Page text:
Sunday, July 10, 2011

Prince - Parade: Music from the Motion Picture Under the Cherry Moon

Welcome to another edition of Soundtrack Sunday.

After the success of the film Purple Rain, Warner Brothers gave Prince the opportunity to create another film. What resulted was 1986's Under the Cherry Moon, a con-game romantic/comedy story released in black and white and having a very distinctive, European style. The film was critical and commercial disaappointment. I think only dedicated fans of the artist were the ones that saw it in its theatrical run.


The soundtrack however was a different story. Backed by the Revolution, Prince’s Parade: Music from the Motion Picture Under the Cherry Moon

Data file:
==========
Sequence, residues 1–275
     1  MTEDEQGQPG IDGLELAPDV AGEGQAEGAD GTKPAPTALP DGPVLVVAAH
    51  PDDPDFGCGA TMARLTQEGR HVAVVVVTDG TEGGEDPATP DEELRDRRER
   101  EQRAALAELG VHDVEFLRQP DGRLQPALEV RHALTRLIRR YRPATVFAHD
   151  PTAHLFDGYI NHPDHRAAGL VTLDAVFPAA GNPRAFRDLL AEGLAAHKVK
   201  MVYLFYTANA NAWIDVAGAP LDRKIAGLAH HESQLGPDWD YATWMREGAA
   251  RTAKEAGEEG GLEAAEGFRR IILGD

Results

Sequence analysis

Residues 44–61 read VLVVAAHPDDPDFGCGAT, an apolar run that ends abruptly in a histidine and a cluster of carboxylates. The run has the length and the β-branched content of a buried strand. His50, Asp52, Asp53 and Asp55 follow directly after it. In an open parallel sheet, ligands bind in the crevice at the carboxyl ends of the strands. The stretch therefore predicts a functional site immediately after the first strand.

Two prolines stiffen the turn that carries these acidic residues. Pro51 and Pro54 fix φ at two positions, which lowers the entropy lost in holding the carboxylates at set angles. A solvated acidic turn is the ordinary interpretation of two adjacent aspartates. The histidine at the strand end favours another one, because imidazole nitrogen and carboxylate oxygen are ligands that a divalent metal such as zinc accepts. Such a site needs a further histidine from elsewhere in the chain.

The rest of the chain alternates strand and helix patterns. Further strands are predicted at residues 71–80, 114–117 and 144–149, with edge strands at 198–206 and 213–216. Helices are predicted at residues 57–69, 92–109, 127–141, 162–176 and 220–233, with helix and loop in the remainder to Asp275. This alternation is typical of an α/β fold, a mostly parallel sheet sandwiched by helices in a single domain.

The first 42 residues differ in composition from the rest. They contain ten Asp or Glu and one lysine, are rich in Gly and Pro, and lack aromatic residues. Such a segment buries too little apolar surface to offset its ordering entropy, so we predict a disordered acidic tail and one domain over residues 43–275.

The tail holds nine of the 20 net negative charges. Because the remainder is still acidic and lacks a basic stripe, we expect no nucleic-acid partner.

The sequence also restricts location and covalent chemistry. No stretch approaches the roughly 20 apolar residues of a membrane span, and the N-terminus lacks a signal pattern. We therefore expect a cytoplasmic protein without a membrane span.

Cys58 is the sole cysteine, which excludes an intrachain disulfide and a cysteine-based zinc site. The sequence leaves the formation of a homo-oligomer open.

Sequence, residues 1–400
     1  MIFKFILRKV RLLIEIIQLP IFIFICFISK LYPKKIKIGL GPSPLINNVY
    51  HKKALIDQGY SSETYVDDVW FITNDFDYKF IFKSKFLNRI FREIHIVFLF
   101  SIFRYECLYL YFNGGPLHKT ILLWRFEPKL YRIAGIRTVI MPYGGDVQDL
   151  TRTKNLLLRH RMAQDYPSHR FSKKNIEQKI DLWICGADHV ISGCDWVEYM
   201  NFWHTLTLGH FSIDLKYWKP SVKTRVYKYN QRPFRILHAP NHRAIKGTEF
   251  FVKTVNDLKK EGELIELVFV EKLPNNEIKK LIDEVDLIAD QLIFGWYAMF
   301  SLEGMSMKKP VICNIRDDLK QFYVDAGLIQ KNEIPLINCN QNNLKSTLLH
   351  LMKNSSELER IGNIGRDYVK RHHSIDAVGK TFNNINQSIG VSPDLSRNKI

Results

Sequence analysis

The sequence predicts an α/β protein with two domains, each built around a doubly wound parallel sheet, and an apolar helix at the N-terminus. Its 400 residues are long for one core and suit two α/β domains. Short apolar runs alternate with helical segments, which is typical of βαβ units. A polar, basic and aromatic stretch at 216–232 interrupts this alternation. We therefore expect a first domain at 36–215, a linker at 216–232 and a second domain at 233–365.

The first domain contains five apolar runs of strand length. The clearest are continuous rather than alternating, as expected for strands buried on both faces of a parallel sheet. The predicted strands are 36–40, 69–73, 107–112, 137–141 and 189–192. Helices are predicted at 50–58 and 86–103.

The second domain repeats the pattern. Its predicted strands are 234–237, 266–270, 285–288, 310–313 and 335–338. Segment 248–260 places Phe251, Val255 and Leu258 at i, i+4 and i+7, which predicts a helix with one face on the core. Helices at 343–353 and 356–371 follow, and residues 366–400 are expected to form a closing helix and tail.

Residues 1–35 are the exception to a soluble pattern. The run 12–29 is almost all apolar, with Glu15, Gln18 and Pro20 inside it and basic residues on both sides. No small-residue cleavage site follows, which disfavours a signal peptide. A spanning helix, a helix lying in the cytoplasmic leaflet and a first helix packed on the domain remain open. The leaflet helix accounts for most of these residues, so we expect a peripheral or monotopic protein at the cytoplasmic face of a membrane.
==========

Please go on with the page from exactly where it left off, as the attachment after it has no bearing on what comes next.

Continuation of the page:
went to number 11 in Canada, number 10 in Norway, number 8 in Australia, number 7 in Austria and New Zealand, number 6 in Germany, number 5 in Sweden, number 4 in the UK, number 3 on the US Billboard Album chart, and number 2 in Switzerland and on the US Billboard R&B chart, and number 1 in the Netherlands.

Side one opens with four tracks that fit together in a sequence, forming a musical suite. The first track is “Christopher Tracy’s Parade” with its march-like drumbeats and heralding horns. The sound is definitely different from anything that had appeared on earlier Prince albums.

“New Position” has an equally unique sounding percussion to it (it sounds like steel drums were incorporated into the mix). The lyrics suggest that when things go stale in a relationship that you have to change it up a bit. I think the phrase “new position” is a great way to phrase that.